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I am trying to understand when I should use a functional CV/resume over a standard chronological one.

A lot of the advice I've gotten tells me that a functional CV is a good way to hide over gaps in employment, but if that were the only merit then nobody would use them as it would seem as if the candidate had something to hide.

When is using a functional CV appropriate over a standard CV/resume?

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    Hey Quora, this got some great answers and has a good question in it, so I'm going to make an edit to try to get it reopened. If you think I screwed it up, please feel free to edit it in order to improve it! Thanks in advance. – jmac Dec 16 '13 at 5:29
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Your CV should be about where do you want to focus the reader's attention. What gets "hidden" should be things not important to an interviewer. If you choose to lie about something, you better have a good memory and be prepared to maintain it throughout the interview process. I don't recommend it.

Functional CV's are good for those without any job experience. The focus is on education, training, skills developed, projects, etc. Some people have so many experiences in a large variety of areas, that a functional CV is a more concise way to demonstrate 20 yrs of experience. For someone who does several contract jobs a year for several years, it's not important to list all of them. It would be a little more common for contract workers to have gaps I employment, so it's not to cover it up.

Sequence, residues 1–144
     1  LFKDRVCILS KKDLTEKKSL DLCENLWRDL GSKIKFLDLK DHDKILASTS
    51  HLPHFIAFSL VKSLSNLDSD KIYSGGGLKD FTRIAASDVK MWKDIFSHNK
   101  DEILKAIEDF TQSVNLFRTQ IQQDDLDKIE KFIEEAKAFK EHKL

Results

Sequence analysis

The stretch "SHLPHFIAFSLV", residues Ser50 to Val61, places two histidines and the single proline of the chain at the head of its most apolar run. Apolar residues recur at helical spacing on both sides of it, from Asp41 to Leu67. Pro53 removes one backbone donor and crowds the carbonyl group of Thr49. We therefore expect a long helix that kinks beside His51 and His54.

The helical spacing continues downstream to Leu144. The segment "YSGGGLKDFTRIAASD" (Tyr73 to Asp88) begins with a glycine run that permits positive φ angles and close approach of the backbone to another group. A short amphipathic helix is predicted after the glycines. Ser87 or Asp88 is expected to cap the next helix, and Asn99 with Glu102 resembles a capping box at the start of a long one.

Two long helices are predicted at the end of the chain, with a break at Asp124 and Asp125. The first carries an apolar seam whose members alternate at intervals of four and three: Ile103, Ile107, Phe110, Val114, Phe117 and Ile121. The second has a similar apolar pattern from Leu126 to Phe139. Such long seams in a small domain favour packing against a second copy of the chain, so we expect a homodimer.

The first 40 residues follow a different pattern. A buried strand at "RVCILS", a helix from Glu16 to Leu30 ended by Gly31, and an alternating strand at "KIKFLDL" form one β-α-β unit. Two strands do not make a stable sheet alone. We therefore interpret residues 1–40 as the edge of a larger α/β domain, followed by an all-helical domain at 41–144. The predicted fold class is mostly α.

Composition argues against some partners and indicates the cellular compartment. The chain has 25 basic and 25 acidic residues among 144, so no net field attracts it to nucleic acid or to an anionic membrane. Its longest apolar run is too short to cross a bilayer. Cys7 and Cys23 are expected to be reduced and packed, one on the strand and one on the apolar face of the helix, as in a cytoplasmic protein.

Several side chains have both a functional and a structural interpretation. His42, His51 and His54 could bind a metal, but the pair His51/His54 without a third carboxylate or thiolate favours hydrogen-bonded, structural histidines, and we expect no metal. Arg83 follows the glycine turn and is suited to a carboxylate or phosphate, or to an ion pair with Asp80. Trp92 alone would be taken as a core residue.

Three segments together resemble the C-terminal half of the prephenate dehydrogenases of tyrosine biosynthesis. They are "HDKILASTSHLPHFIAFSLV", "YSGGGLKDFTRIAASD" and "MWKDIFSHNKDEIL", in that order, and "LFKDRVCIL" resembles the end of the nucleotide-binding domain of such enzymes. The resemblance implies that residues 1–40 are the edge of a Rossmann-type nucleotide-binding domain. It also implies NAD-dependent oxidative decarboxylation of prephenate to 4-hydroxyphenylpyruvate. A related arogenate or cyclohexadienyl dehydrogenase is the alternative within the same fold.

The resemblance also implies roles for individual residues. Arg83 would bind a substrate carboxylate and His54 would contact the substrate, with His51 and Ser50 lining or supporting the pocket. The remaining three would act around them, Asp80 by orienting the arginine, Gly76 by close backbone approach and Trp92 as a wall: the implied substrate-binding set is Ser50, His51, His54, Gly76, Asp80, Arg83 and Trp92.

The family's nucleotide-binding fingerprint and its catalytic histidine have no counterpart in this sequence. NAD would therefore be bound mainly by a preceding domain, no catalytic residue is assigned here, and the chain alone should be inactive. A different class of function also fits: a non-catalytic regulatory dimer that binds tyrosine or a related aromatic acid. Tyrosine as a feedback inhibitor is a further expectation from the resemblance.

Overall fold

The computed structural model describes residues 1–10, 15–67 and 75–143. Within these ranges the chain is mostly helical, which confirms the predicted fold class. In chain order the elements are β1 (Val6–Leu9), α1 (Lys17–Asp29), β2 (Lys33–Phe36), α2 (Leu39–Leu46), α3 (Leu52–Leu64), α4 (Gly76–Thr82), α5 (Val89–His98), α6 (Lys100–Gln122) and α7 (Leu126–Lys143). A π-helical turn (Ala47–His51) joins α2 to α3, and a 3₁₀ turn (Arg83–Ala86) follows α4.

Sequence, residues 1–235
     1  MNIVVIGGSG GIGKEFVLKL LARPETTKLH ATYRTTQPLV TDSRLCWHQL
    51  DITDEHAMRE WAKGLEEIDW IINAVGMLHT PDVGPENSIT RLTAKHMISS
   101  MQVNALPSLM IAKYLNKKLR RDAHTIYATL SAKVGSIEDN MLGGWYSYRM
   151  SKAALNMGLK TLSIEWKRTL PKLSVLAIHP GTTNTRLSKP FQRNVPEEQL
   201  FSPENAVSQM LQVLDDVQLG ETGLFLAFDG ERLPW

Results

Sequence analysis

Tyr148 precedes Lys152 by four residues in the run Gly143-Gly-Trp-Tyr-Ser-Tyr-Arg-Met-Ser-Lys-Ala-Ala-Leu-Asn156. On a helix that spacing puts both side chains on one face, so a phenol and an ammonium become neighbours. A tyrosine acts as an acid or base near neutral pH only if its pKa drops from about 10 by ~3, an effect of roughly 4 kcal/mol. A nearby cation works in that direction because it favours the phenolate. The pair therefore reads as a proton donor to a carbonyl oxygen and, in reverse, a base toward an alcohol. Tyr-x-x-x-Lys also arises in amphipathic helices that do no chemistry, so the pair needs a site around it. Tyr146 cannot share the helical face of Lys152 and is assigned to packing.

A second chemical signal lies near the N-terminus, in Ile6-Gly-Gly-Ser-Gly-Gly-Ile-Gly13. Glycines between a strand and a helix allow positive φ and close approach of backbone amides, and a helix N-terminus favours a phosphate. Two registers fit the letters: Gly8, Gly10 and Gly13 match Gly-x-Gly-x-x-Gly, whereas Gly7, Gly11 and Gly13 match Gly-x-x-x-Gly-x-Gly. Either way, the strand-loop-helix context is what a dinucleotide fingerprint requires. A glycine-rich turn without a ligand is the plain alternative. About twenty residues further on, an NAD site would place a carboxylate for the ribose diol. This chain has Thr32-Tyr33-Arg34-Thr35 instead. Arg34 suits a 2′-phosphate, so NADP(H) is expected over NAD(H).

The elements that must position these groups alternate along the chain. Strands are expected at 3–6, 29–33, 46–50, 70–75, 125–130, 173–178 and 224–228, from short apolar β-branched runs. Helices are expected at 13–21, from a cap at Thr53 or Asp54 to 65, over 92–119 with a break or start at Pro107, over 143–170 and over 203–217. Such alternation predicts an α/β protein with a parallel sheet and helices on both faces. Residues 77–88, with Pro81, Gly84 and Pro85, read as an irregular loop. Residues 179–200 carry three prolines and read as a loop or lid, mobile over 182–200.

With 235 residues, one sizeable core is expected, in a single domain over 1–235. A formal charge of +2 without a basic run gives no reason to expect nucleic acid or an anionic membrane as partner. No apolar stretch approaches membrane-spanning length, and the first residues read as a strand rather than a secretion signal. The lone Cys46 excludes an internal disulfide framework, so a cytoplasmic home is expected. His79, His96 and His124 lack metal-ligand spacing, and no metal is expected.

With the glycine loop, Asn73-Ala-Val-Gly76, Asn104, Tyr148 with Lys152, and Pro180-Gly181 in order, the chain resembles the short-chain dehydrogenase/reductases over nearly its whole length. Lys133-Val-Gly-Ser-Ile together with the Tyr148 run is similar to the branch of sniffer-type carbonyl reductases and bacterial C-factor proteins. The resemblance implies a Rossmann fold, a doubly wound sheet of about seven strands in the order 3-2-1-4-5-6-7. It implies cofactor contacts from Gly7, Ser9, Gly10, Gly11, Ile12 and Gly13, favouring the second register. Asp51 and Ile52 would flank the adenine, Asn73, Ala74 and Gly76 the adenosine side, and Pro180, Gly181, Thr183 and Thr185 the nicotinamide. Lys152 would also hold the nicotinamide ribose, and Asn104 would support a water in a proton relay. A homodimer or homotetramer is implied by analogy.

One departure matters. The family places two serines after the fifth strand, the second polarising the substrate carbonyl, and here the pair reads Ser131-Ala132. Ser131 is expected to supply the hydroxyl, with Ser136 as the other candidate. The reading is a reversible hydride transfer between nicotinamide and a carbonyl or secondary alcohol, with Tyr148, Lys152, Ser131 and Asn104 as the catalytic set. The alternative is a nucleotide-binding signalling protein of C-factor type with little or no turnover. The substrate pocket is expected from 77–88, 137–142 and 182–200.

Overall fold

Some CV's are a combination. Maybe the chronological part only goes back 5-10 years? Someone who has made a career change, would leave out a lot of the details about work in their previous fields.

There are so many things anyone could include in their CV that could negatively affect getting a position that people leave out all the time. The goal is to omit any potential bias (we're all human). You're not applying for sainthood.

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    Also functional CVs are good if you have a lot of experience and want to highlight the relevant experience - currently most of the jobs I am going for couldn't care less about my experience in thermo fluids, – Neuromancer Dec 13 '13 at 13:29
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This is not a point of view: I participate on a lot of interviews and selection process, but i worked for the gaming industry. So it may be a lot different from common software development companies, or other business in general.

We had one person to take care of the HR in our company. This person handled all CV's and Portfolios that were handed to us. But we used the CV for almost nothing - what we did was search on the web about the person itself. Profiles on websites like deviant, newgrounds and gamedev for junior developers and moby for seniors. I helped with technical analysis of the person past jobs.

The CV was only a Formality and something we used to remove those that we would not even "waste" (because it's never really a waste) our time interviewing them.